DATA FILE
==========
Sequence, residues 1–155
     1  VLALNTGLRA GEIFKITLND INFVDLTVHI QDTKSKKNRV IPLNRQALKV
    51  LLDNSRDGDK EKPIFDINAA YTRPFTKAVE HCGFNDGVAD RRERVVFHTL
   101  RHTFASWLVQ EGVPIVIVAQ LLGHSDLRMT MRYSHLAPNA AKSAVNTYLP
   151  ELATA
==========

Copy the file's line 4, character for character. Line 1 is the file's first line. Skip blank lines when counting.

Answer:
   101  RHTFASWLVQ EGVPIVIVAQ LLGHSDLRMT MRYSHLAPNA AKSAVNTYLP